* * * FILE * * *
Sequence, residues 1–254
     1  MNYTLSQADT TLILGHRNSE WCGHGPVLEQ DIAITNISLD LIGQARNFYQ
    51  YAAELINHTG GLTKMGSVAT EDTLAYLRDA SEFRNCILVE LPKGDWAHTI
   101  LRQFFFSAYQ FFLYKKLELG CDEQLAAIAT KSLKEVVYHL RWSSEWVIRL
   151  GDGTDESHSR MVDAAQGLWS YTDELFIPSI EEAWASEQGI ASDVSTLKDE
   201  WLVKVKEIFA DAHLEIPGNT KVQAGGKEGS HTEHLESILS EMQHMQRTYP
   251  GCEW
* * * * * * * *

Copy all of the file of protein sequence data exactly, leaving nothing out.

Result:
Sequence, residues 1–254
     1  MNYTLSQADT TLILGHRNSE WCGHGPVLEQ DIAITNISLD LIGQARNFYQ
    51  YAAELINHTG GLTKMGSVAT EDTLAYLRDA SEFRNCILVE LPKGDWAHTI
   101  LRQFFFSAYQ FFLYKKLELG CDEQLAAIAT KSLKEVVYHL RWSSEWVIRL
   151  GDGTDESHSR MVDAAQGLWS YTDELFIPSI EEAWASEQGI ASDVSTLKDE
   201  WLVKVKEIFA DAHLEIPGNT KVQAGGKEGS HTEHLESILS EMQHMQRTYP
   251  GCEW